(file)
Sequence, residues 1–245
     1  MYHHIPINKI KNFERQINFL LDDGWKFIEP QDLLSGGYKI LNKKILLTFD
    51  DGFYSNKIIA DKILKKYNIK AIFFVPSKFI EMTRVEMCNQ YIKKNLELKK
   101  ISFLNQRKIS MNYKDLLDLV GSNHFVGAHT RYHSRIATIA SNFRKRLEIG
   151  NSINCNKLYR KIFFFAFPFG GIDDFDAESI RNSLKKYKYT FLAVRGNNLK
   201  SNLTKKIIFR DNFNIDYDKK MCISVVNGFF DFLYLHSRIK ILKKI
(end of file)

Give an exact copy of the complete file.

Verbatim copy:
Sequence, residues 1–245
     1  MYHHIPINKI KNFERQINFL LDDGWKFIEP QDLLSGGYKI LNKKILLTFD
    51  DGFYSNKIIA DKILKKYNIK AIFFVPSKFI EMTRVEMCNQ YIKKNLELKK
   101  ISFLNQRKIS MNYKDLLDLV GSNHFVGAHT RYHSRIATIA SNFRKRLEIG
   151  NSINCNKLYR KIFFFAFPFG GIDDFDAESI RNSLKKYKYT FLAVRGNNLK
   201  SNLTKKIIFR DNFNIDYDKK MCISVVNGFF DFLYLHSRIK ILKKI